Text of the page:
The year started off with an arrest - Elizabeth Allen, a resident of Fitzroy, was arrested on warrant by Constable Anstee on Mr. Strafford's farm, Iona, on Tuesday. Allen and her husband band were digging potatoes on Koo-wee-rup Swamp and she had a serious quarrel with another married woman named Ellen Fielder on Tuesday morning. It is alleged that Allen went into the house occupied by Mrs. Fielder, and pulled her out of bed on to the road by the hair. Mrs. Fielder issued a warrant, and Allen was locked up on a charge of assault. She was admitted to bail, and will appear to answer the charge to-day (The Argus January 7, 1915)
On January 8, the Wonthaggi Licensing Court granted Denis McNamara a licence to operate a Hotel in Koo Wee Rup. This Hotel was named the Royal Hotel and opened in Koo Wee Rup on September 9, 1915. There were six applications to open a hotel at Koo Wee Rup, you can read about them, here.
(Powlett Express, January 15 1915)
On February 24 the Lang Lang Guardian reported on a severe storm in Yannathan. The storm was described as unprecedented. All day the weather had been threatening, and thunder showers which visited other parts of the district left this locality untouched. But at about 4 o'clock, while about 30 ladies and gentlemen were witnessing a cricket match in Mr Stewart's paddock between the Lang Lang and Yannathan teams, a densely black cloud, lit up constantly by vivid flashes of lightning, was seen approaching from the south-west. When the first drops of rain fell players and spectators left the field for the shelter of the Mechanics' Hall, and while there the storm burst, and for about ten minutes the elements were in almost indescribable tumult. A hurricane blew jinkers about the hall yard, and everything in the shape of boxes and loose timber was lifted by its violence. Then something in the nature of a cloud-burst descended, and rain and pieces of ice fell in such density that looking across towards the Union Church, only a shadowy outline of the building could, be seen, and the hall yard was soon under water. Deafening peals of thunder and constant flames of lightning combined with the downpour, and twice the crash of a falling tree was heard. The door of the church being opened, all made a dash from the hall and entered, but were drenched in doing so. As suddenly as it broke, the storm abated, and very little rain fell during the remainder of the afternoon.
Sadly, the storm also caused a fatality - seventeen year old Don Cameron, who was employed by Mr W.H. Gardiner, of Yannathan. He was working in a paddock was struck and instantly killed by lightning. His parents were from Beaconsfield and he was buried at Berwick Cemetery.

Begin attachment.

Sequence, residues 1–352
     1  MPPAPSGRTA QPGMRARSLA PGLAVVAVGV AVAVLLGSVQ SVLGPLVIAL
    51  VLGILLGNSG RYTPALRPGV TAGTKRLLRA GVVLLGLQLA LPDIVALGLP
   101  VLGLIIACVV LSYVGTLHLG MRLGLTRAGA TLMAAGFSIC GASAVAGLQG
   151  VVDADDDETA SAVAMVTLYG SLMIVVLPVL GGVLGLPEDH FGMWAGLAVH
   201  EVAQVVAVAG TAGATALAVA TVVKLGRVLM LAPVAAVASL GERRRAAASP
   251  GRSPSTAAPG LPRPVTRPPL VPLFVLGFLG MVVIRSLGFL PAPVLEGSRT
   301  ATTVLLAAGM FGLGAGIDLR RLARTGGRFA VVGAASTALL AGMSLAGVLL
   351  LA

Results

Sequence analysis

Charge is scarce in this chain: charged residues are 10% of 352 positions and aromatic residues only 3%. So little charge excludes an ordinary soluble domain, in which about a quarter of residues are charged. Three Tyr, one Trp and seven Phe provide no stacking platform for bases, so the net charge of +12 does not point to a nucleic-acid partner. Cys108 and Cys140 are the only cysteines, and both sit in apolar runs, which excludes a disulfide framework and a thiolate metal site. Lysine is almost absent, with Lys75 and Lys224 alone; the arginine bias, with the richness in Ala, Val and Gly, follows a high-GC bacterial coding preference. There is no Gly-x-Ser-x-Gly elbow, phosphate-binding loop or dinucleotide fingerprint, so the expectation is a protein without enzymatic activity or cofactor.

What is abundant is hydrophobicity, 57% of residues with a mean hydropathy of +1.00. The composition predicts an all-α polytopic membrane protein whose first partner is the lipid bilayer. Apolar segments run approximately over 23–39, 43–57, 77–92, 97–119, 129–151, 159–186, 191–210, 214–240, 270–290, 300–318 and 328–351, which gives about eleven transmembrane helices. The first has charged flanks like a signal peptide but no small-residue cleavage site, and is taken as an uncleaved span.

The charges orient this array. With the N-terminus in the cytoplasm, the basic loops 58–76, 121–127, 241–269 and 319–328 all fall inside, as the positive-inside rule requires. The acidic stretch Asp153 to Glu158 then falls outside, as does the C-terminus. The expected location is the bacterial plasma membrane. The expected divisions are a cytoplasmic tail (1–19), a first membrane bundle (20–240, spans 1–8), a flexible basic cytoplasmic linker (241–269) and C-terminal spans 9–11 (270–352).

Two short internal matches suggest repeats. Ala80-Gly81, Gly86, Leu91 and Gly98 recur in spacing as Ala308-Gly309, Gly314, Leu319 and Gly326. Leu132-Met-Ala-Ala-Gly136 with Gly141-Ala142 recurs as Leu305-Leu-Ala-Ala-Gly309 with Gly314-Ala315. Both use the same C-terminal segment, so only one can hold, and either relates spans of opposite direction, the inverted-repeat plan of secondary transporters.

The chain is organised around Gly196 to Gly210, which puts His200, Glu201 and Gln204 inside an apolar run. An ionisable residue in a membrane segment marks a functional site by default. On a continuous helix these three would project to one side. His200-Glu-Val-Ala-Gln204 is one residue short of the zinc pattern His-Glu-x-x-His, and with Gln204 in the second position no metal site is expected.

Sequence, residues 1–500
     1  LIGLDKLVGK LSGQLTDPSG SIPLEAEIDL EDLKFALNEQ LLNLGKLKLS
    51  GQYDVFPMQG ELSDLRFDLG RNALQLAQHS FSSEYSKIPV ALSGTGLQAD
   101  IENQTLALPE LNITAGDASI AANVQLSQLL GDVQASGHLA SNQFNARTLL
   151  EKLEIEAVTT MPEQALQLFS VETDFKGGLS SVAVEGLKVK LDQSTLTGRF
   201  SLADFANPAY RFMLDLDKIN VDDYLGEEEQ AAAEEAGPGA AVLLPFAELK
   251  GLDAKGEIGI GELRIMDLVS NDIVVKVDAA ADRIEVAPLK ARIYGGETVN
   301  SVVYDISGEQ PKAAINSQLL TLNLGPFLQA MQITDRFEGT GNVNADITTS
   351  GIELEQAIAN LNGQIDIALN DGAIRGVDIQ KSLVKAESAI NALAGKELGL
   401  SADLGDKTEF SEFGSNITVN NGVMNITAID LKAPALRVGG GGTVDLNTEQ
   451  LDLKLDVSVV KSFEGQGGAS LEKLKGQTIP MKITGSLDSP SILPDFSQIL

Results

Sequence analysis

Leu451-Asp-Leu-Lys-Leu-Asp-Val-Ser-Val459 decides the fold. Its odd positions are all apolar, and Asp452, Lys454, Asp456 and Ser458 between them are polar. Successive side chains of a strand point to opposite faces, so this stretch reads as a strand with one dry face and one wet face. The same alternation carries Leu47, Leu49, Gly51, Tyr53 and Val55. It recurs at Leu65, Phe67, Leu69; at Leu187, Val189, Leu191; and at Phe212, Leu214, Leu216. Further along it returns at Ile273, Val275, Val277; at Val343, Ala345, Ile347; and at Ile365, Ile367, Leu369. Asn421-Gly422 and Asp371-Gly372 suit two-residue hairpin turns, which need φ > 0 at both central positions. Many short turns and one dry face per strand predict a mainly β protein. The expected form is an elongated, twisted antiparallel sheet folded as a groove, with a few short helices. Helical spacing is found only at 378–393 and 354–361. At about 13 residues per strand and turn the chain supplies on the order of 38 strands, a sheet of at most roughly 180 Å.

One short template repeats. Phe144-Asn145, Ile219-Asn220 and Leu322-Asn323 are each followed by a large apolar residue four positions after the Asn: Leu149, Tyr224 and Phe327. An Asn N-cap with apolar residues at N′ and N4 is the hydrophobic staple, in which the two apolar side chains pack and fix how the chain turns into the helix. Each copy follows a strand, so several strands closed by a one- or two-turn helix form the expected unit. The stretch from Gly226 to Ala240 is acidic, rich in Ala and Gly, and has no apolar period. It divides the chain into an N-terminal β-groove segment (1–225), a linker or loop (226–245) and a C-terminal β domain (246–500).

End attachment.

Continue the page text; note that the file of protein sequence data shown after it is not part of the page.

On March 3, the Lang Lang Guardian had a report headlined 'Tramps at Koo Wee Rup' - For some years past residents of the Swamp have complained, without any remedy being applied, of the great nuisance of tramps camping at the bridges and frightening horses. An example of the real danger of this habit was given on Saturday morning last, when Mr R. Glen was conveying a load of potatoes in a dray, and when at Mallcotl's crossing the horse shied at a couple of tramps camped at the bridge; with the result that the dray was capsised and the potatoes tipped into the drain. Mr Glen was thrown out of the dray and was badly shaken, but it was wonderful that be did not sustain severe injuries.
In March the Koo Wee Rup Railway Station handled 54,000 bags of potatoes and 14,500 bags of chaff, the whole of £24,000 (Lang Lang Guardian April 21, 1915)
In April there was an unusual sighting of an aeroplane flying over Koo Wee Rup - see the report above.
In July a 'Plain and Fancy Dress Ball' was held at Koo Wee Rup. The successful ball was a fund raiser for the Red Cross. Over 220 people attended the ball at the Mechanics' Institute (Hall) and £22 was raised. You can see a list of some of the participants and how they were dressed, here, in the Lang Lang Guardian of July 28, 1915.
Constable Anstee was busy again in September, when he along with Constable Allen seized a large quantity of whisky, beer, and stout in cases from the store owned by John, A. Kirwan at Iona. The report goes on to say that for some time the police have suspected that there was trafficking in liquor at Iona, and they watched the store owned by John A. Kirwan. They saw a man leaving the store with a bottle of whisky, and he admitted to the police that he obtained the liquor at Kirwan's. Kirwan was charged with having trafficked in liquor illicitly. (Dandenong Advertiser September 23, 1915) Kirwan's store was actually at Vervale (Main Drain Road south and Fourteen Mile) and was taken over in 1916 by James and Edith McMannis, read about this, here.)
We will finish with this report about a 'Cinematograph' entertainment at Yallock held on November 25. A cinematograph is a motion picture film camera, which also serves as a film projector and printer. It was invented in the 1890s in Lyon by Auguste and Louis Lumière - according to Wikipedia.